Danger lurks in Orïsha, where snow leoponaires prowl and vengeful spirits wait in the waters. Yet the greatest danger may be Zélie herself as she struggles to control her powers and her growing feelings for an enemy.

This has been in my TBR well over a year, and when I recently had to be in the car for long periods of time, I listened to the audio book.  I was thrilled to discover it was the same fantastic narrator as Dread Nation.

What can I say about this book that hasn’t already been said?  Intricate, creative world-building, richly drawn characters, some twists along the way.  And that cover –  stunning.

A lot of hype surrounds this novel, and it’s absolutely well-deserved for a debut, so maybe my expectations were too high.  I’m not a big fan of romance, and it makes up more of the story than I’d expected.  Pairing off the characters disappointed me – but that’s just my personal preference.  An overwhelming majority disagrees with me on that, and I get it.

The cover of the second book in this series was released not long ago, and it’s just as beautiful as this one.  Although more romance than I’d like, I plan to continue with this YA fantasy series.

The Red Labyrinth by Meredith Tate #bookreview #YA #fantasy #TuesdayBookBlog

The massive labyrinth was built to protect Zadie Kalver’s isolated desert town. Unfortunately, living in the maze’s shadow makes her feel anything but safe. Even without its enchanted deathtraps and illusions, a mysterious killer named Dex lurks in its corridors, terrorizing anyone in his path.

But when Zadie’s best friend vanishes into the labyrinth-and everyone mysteriously forgets he exists- completing the maze becomes her only hope of saving him. In desperation, Zadie bribes the only person who knows the safe path through-Dex-into forming a tenuous alliance.

Navigating a deadly garden, a lethal blood-filled hourglass, and other traps-with an untrustworthy murderer for her guide-Zadie’s one wrong step from certain death. But with time running out before her friend (and secret crush) is lost forever, Zadie must reach the exit and find him. If Dex and the labyrinth don’t kill her first. 

This book description reminded me of The Maze Runner, a novel I fell head over heels for and kept me guessing, and the cover really grabbed me.

The world-building is creative, detailed, and pulled me in almost immediately.  The Skilled, the Blanks, and the labyrinth housing the monster, Dex, and separating the town folk from the Creator held me spellbound.  The author does a magnificent job explaining Zadie’s world without an info dump.  Zadie is also very likable, and has survived tragic circumstances in her past.  I cringed more than once when reading about her interactions with the Warden.  Landon is the stereotypical hero, and plays the role of rescuer and town hero very well.  But by far, Dex is the most compelling, and multi-layered character.  Honestly, if the author wrote a spin-off focusing on Dex’s backstory, I’d snatch it up immediately.  The story is well-paced, and the obstacles Zadie and Dex face in the labyrinth are dangerous, challenging, and, at times, heart-breaking.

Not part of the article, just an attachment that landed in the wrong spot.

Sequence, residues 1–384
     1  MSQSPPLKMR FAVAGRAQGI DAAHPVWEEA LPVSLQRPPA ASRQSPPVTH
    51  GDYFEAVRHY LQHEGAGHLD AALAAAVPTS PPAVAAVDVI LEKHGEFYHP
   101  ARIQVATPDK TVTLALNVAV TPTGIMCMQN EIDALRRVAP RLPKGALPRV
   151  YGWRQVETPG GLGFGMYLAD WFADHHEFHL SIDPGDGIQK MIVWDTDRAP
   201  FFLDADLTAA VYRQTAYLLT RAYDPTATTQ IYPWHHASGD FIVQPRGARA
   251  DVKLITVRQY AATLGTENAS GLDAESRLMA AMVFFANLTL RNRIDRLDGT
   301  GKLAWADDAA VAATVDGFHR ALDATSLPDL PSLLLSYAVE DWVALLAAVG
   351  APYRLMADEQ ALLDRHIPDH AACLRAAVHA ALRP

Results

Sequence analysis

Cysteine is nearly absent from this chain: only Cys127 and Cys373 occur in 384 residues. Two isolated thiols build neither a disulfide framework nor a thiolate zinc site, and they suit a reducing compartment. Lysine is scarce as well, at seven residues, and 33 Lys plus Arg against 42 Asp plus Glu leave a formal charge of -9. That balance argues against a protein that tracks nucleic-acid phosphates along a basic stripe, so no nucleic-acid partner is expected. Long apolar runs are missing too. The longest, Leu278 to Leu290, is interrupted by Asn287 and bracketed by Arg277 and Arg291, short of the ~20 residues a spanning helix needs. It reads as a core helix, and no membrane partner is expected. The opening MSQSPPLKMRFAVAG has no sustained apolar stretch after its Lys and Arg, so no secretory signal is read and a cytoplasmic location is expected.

Everything was going smoothly – awesome world-building, life and death circumstances, intense action – until it became very obvious that one character isn’t what the reader is led to believe.  That’s nothing new – it goes along with good storytelling.  But the revelation is meant to be a twist towards the end, and some things just didn’t ring true for me with this character early in the story.  In scanning other reviewer comments, it didn’t seem to come as a shock to them, either.

If you’re looking for an original YA dystopian/fantasy, The Red Labyrinth fits the bill nicely.  Although the ending includes a cliffhanger, it wraps rather suddenly, and I’ll definitely be adding the next book to my TBR.

I received a complimentary copy of this book from the publisher through NetGalley. Opinions expressed in this review are completely my own.

 

#NewRelease: The Tower in the Mist (Minstrels of Skaythe #1) by Deby Fredericks #sorcery #fantasy

If you’ve visited Deby’s blog, you know she loves dragons – and I mean, who wouldn’t?  Because – dragons, right?  Deby has also published several fantasy books, and is here today with her new release, the first book in a series.  Isn’t that cover awesome?  Beautiful colors.  Welcome, Deby!